Note from The Nation editors: Socialism's all the rage. "We Are All Socialists Now,"Newsweek declares. As the right wing tells it, we're already living in the U.S.S.A. But what do self-identified socialists (and their progressive friends) have to say about the global economic crisis? We hope that Barbara Ehrenreich and Bill Fletcher Jr.'s "Reimagining Socialism: Rising to the Occasion will kick off a spirited dialogue. Four replies are featured in this issue, with more to come at TheNation.com.
Barbara Ehrenreich and Bill Fletcher write mournfully that there was supposed to be a revolution--but there was and is a revolution, just not one that looks the way socialists and a lot of '60s radicals imagined it. The Sandinista revolution thirty years ago may well have been the last of its kind. The revolutions that have mattered since have been less interested in seizing and becoming the state than circumventing it to go straight to becoming other people doing other things without state permission. The fifteen-year-old Zapatista revolution, which never sought state power and (though badgered constantly) was never defeated, is the revolution for our times, or really only the most dramatic of countless thousands involving Native Americans and Indian farmers and South African cooperatives and Argentinian workplaces and European utopian communities.
In the United States the most obvious realm in which this has transpired is food and farming. Organic, urban, community-assisted and guerrilla agriculture are still small parts of the picture, but effective ones--a revolt against what transnational corporate food and capitalism generally produce. This revolt is taking place in the vast open space of Detroit, in the inner-city farms of West Oakland, in the victory gardens and public-housing of Alemany Farm in San Francisco, in Growing Power in Milwaukee and many other places around the country. These are blows against alienation, poor health, hunger and other woes fought with shovels and seeds, not guns. At its best, tending one's garden leads to tending one's community and policy, and ultimately becomes a way of entering the public sphere rather than withdrawing from it.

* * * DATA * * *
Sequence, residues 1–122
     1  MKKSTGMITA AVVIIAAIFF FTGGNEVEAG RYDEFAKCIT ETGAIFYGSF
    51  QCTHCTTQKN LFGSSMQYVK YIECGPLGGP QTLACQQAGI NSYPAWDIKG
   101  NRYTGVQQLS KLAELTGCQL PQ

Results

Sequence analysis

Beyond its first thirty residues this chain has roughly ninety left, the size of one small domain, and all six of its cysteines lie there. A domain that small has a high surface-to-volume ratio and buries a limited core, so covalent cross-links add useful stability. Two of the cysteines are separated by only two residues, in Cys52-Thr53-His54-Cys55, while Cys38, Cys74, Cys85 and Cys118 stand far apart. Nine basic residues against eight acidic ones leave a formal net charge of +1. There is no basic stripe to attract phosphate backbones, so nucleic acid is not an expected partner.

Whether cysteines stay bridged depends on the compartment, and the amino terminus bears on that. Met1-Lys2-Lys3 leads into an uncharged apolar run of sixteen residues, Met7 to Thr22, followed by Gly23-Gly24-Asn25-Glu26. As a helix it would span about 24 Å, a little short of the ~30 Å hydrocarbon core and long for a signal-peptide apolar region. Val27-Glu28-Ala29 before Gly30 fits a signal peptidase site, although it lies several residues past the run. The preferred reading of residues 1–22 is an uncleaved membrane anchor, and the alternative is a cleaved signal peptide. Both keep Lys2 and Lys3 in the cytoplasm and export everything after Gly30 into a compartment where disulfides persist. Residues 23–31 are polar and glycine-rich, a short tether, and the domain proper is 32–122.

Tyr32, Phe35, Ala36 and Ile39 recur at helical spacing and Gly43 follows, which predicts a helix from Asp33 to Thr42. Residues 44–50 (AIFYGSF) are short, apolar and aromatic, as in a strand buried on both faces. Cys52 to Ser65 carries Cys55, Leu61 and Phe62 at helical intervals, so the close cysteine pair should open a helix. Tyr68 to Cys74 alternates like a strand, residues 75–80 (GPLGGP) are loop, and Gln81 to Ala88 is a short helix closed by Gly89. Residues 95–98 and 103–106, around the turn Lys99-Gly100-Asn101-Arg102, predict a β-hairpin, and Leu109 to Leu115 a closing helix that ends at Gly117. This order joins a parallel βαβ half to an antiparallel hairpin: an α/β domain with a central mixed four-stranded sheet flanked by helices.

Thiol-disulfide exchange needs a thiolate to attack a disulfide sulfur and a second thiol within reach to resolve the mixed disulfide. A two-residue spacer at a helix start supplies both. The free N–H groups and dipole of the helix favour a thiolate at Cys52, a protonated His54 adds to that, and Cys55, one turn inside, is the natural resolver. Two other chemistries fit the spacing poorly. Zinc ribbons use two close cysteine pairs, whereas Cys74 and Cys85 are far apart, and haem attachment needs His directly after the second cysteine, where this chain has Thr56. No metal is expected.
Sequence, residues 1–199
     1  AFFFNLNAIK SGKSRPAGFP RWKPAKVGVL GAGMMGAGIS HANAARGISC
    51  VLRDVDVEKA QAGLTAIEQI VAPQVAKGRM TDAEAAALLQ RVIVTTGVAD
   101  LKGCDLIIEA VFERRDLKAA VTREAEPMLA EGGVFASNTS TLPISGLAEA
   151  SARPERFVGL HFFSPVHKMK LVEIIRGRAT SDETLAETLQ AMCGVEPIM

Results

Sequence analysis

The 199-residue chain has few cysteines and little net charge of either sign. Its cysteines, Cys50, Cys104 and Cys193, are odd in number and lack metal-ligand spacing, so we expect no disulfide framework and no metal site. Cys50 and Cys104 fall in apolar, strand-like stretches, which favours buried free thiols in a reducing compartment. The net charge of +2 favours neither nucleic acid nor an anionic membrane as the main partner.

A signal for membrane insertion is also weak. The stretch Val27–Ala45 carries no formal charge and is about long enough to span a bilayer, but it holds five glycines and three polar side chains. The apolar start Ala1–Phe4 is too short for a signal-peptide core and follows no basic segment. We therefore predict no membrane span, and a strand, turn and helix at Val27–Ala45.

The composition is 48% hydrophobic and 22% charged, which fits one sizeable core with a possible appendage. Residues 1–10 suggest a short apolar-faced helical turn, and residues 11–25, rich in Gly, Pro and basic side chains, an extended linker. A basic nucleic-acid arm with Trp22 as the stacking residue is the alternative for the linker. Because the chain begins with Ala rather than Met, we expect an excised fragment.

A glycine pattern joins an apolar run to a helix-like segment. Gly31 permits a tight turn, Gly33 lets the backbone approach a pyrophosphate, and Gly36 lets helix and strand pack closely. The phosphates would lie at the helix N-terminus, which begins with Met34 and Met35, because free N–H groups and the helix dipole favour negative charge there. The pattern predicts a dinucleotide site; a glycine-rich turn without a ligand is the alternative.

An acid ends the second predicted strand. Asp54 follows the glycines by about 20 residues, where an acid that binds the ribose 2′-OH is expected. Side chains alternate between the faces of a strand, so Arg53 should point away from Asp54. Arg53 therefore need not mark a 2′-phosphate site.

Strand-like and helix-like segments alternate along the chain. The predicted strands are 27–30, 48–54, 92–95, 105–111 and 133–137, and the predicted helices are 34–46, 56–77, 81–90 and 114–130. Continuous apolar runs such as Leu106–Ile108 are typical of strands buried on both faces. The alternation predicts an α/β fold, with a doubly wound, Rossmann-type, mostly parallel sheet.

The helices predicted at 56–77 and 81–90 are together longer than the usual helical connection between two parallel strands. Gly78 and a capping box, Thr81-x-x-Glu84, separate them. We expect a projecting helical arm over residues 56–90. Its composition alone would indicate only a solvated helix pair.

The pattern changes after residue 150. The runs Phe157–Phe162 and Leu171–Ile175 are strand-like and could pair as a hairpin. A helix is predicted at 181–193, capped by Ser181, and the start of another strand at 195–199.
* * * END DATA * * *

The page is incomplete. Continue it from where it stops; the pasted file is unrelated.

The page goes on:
"Do we have a plan, people?" Ehrenreich and Fletcher ask. We have thousands of them, being carried out quite spectacularly over the past few decades, for gardens and childcare co-ops and bicycle lanes and farmers' markets and countless ways of doing things differently and better. The underlying vision is neither state socialist nor corporate capitalist, but something humane, local and accountable--anarchist, basically, as in direct democracy. The revolution exists in little bits everywhere, but not much has been done to connect its dots. We need to say that there are alternatives being realized all around us and theorize the underlying ideals and possibilities. But we need to start from the confidence that the revolution has been with us for a while and is succeeding in bits and pieces. Enlarged and clarified, it could answer a lot of the urgent needs the depression brings.
If anarchists and neoliberals had one thing in common, it was an interest in shrinking the state that socialists hoped would solve things. Right now nothing but that state exists on a scale to drag us back out of what the corporations and international markets dragged us into, but one of the questions for the long term is about scale. Small isn't always beautiful, but big beyond accountability or comprehension got crazy as well as ugly.
Other Contributions to the Forum